Get a whiff this. If Marlins centerfielder Preston Wilson keeps striking out at the rate he did over the first half of the season, he will fan nearly as many times in one year than Hall of Famer Nellie Fox did in his 19-year career. On track for 215 punchouts (Fox K'd 216 times), Wilson finally seems to have found something he can't miss: Bobby Bonds's record of 189 strikeouts in 1970. Wilson was hitting .260 and whiffing .350. The likelihood of setting such a notorious record, however, troubles Wilson, 25, and the Marlins not at all. "Oh, I fully expect him to break it," Florida manager John Boles says.
"I don't worry about that," Wilson says. "I'd rather set the strikeout record and help the team win by driving in runs than just go up there and try to cut down on strikeouts. That would be selfish."
Ho, hum. A hundred strikeouts, one of the last great taboos of hitting, has gone mainstream. No one blanches at a 100-whiff season, a mark of dishonor only a decade ago. With the boom in home runs has come the acceptance of the strikeout as their tariff. "It's the price you pay," says Wilson, who is on pace to hit 35 homers and drive in 116 runs-career highs.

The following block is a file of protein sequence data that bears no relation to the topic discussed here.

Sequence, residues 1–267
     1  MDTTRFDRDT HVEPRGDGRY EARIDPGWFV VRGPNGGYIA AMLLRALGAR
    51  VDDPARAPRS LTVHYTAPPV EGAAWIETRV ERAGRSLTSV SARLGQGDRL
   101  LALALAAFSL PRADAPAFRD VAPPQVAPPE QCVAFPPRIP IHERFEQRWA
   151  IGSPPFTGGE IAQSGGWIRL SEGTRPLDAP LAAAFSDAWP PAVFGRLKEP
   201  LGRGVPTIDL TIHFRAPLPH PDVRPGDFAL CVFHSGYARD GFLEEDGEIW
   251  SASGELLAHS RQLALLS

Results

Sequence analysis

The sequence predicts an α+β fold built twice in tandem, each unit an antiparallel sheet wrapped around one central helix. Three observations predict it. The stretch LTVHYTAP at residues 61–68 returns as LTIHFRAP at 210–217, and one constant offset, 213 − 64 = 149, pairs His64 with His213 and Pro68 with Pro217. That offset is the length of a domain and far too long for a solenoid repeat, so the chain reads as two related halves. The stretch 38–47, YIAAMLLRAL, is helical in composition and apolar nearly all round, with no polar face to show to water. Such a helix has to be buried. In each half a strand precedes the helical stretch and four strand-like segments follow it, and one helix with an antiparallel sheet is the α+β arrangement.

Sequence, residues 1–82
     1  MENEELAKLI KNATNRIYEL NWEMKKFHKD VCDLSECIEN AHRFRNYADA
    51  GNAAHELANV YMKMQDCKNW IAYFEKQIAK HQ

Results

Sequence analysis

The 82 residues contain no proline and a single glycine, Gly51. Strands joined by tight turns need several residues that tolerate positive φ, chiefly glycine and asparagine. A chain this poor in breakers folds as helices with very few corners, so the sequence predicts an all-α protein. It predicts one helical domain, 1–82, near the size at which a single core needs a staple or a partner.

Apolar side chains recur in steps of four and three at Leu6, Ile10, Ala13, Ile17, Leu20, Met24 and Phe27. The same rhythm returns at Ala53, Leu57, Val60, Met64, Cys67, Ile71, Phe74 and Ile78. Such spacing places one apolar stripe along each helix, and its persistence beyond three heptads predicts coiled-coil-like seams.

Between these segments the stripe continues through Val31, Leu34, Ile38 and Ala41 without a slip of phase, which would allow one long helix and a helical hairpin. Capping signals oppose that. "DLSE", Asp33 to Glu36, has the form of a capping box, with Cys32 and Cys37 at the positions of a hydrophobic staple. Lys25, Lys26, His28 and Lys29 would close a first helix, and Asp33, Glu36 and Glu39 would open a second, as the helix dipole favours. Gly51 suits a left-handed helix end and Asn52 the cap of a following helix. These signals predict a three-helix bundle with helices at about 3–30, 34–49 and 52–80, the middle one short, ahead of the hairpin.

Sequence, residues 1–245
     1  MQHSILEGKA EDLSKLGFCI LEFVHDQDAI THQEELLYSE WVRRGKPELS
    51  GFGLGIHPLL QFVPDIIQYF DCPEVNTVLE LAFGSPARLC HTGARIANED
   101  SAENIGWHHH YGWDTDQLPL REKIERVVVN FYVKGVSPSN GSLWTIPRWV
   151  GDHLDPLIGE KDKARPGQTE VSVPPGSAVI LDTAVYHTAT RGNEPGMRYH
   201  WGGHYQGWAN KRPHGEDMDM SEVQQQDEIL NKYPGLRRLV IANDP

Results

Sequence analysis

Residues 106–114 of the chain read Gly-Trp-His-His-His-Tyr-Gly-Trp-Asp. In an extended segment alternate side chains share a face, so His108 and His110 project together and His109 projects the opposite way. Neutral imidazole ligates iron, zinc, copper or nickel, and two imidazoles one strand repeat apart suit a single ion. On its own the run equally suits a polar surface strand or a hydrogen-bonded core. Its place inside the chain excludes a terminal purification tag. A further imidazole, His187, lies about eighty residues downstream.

Last season 26 of the 45 players who hit 30 or more homers also struck out at least 100 times; overall 71 batters hit the century mark in K's. Despite all the advances in video analysis and instruction, hitters whiff more now than ever before—there have been 13.07 strikouts per game this year, or one out of every four outs. Wilson is the extreme example of today's grip-it-and-rip-it batting culture. Baseball is producing better sluggers, not necessarily better hitters, who've made the strikeout shameless. Boles, for instance, has no plans to curtail Wilson's playing time in September if the record is within reach.
"He can hit the ball as far as anybody and he'll be an impact player," Boles says. "I'd rather accentuate those positives than worry about a negative."
[This article contains a table. Please see hardcopy of magazine or PDF.]